Theater of Nightmares

Austria’s most renowned ski slopes are also the most dangerous

News | Christian Cummins | February 2009

Swiss Skier Daniel Albrecht is air-lifted from Kitzbühel after accident (Photo: Giovanni Auletta)

"It’s every skier’s dream to win in Kitzbühel," exclaimed the delighted Swiss skier Didier Defago, 31, who, in the autumn of his career, had just won the most prestigious race on the World Cup calendar – the "Hahnenkahn" downhill.

For a skier, a victory on the ferocious and tradition-steeped Streif downhill course in Kitzbühel has a similar emotional significance to a final victory on Wimbledon’s Centre Court for a tennis professional. This is the big one - 3.3 kilometers of iced bumps, turns, and jumps, a crowd of up to 80,000 people greeting you in the finishing arena and, if you win, a slice of skiing immortality. One-off wonders have won at the Olympics, but it seems only the best of the best can cope with skiing’s most challenging race. There is no annual sporting event in this country to compare with the Hahnenkahn weekend and every year the race attracts the great and the good of Austria and neighboring Germany - the politicians and celebrities – who tuck into fine food and, from the safety of the VIP stand, watch young men hurtle down the heavily-iced snow of the legendary course.

But there is a dark shadow to the "glitz of Kitz." While Didier Defago was being celebrated, his teammate Daniel Albrecht lay a hundred kilometers away in Innsbruck in a coma after suffering brain and lung injuries in an accident on the Streif. During training on Jan. 22, two days before the night race, Albrecht had lost control on the final jump. The 25-year-old flew through the air for about 40 meters, landed on his back, and immediately lost consciousness. After he was whisked away by a helicopter to a clinic in Innsbruck, doctors put him in an induced coma to protect his organs.

The accident almost exactly mirrored the accident of Scott Macartney of the United States, who lost control on the same jump a year before and suffered a brain contusion after slamming his head on the snow. The brutal impact of the crash caused Macartney to experience convulsions as he slid unconscious over the finishing line. For some reason, the television director decided to zoom in on his jerking body. It was a sickening moment that drove home some of the brutal realities of this sport.

The jumps are there to test the skiers to their limits, of course, and perhaps that is a reason why only the very top skiers have managed wins at Kitzbühel. But they are also there for the thrill of the sport, for our entertainment – it’s no surprise that for the opening and closing sequences of their coverage of ski racing, directors the world over choose to play the day’s most spectacular crashes.

It’s all about acceptable risk. Part of the sport’s inherent attraction is the danger skiers face, risks they are well-aware of when they compete.  In fact, they have to sign legal disclaimers before being allowed into the start-hut.

But the challenge is to find a balance between keeping alive the sport’s spirit while limiting the danger as much as possible. With Albrecht still in a coma, and only a few months after the young Austrian Matthias Lanzinger lost a leg to amputation after a crash in Norway last spring, you have to ask whether that balance at the moment is quite right. No one wants to sanitize the sport – downhill racing will always be a risky occupation. But neither should the racer’s safety be sacrificed for the voyeurism of the spectators.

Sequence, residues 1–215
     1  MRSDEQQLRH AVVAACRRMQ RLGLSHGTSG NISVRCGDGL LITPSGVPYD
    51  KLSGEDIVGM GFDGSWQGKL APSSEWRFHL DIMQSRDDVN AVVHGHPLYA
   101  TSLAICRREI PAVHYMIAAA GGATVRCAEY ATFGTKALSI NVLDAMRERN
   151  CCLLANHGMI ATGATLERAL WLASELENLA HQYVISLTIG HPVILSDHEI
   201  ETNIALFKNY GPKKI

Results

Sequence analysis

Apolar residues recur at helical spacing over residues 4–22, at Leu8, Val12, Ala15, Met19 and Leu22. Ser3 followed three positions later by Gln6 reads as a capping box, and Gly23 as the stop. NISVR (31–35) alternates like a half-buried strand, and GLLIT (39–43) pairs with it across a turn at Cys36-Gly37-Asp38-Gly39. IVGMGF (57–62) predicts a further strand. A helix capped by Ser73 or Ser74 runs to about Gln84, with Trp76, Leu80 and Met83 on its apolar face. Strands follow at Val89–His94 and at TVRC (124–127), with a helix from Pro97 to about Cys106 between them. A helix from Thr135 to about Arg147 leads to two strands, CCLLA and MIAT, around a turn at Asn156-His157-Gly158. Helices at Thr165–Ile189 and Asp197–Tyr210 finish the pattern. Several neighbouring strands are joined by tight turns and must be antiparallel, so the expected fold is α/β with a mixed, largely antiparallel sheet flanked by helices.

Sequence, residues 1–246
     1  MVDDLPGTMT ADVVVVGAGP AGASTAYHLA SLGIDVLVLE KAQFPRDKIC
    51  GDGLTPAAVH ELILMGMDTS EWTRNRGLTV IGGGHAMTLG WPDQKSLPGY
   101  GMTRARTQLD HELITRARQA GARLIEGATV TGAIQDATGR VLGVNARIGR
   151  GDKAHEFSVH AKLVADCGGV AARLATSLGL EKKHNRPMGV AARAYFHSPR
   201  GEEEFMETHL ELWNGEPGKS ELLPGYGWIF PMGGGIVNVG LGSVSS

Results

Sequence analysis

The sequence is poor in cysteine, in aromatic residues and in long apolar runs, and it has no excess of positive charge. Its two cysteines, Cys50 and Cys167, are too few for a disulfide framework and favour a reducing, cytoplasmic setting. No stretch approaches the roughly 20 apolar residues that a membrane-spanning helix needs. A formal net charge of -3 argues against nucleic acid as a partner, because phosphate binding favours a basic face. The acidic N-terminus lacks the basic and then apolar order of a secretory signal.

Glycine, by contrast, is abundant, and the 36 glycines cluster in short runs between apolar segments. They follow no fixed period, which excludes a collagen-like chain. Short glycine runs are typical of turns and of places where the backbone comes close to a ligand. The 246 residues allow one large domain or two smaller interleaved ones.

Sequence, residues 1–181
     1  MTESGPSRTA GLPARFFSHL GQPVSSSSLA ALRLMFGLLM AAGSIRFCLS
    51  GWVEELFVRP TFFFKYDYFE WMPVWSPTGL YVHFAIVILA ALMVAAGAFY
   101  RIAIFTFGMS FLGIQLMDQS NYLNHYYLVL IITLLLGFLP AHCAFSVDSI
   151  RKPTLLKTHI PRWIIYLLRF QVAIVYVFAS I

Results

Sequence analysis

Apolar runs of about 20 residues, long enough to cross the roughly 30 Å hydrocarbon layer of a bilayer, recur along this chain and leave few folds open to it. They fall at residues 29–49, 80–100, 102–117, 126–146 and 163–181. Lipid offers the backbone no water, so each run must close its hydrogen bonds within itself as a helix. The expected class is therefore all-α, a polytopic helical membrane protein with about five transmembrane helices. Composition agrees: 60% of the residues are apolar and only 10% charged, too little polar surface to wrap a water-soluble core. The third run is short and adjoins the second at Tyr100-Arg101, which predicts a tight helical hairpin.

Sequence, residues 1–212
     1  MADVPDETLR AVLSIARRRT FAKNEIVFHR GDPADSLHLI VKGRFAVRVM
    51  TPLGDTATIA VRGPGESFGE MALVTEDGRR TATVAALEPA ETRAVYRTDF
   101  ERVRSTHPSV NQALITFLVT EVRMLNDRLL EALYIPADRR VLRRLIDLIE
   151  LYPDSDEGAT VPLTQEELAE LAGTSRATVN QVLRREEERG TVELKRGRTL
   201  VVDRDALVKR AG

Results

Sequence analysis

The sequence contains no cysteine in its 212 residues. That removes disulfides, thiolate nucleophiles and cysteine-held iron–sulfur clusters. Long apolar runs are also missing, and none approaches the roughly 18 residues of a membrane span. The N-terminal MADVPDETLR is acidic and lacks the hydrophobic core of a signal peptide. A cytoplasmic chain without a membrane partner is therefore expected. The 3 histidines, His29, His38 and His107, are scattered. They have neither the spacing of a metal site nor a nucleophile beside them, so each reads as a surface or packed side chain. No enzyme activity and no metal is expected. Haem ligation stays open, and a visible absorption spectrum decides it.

Austrian ski legend and two-time overall World Cup winner Karl Schranz, 70, believes that the organizers should make the course safer. The final ridge of Streif, the one that caught Albrecht out, has been sharpened into the shape of a ramp.

"It’s not necessary to have such a difficult jump at the end of such a testing run," he told the Austrian Press Agency, "Kitzbühel isn’t a ski-jumping tournament." Besides, the Kitzbühel race is usually decided before the final ridge so the question is why we need to see tired athletes fly through the air at that stage? He pointed out that the traditional S-bend at the end of the equally historic Lauberhorne race in Wengen had been modified for safety reasons.

Another former Austrian ski racer Hansi Hinterseer was more philosophic, saying that downhill was a "tight-rope walk" and that the sport was simply "brutal." Hinterseer himself, it should be noted, specialized into slower paced technical events.

Macartney made a full recovery after being awakened from his coma last year, and doctors are reservedly optimistic about Albrecht’s prognosis. Defago dedicated his win to his injured teammate, saying he hopes it will inspire him to a quick and complete recovery.

While the debate about safety and tradition rages on, it is left to the rest of us to recognize just how brave these athletes are. The defending World Cup champion Bode Miller, a man always good for a quote, recently confided to the Austrian daily Österreich that he felt that Austrian Hermann Maier’s haul of two gold medals at Nagano deserved more respect than the record fourteen gold medals won by fellow American swimmer Mark Phelps.  After all, Phelps wasn’t risking "breaking his neck" in his pursuit of glory.

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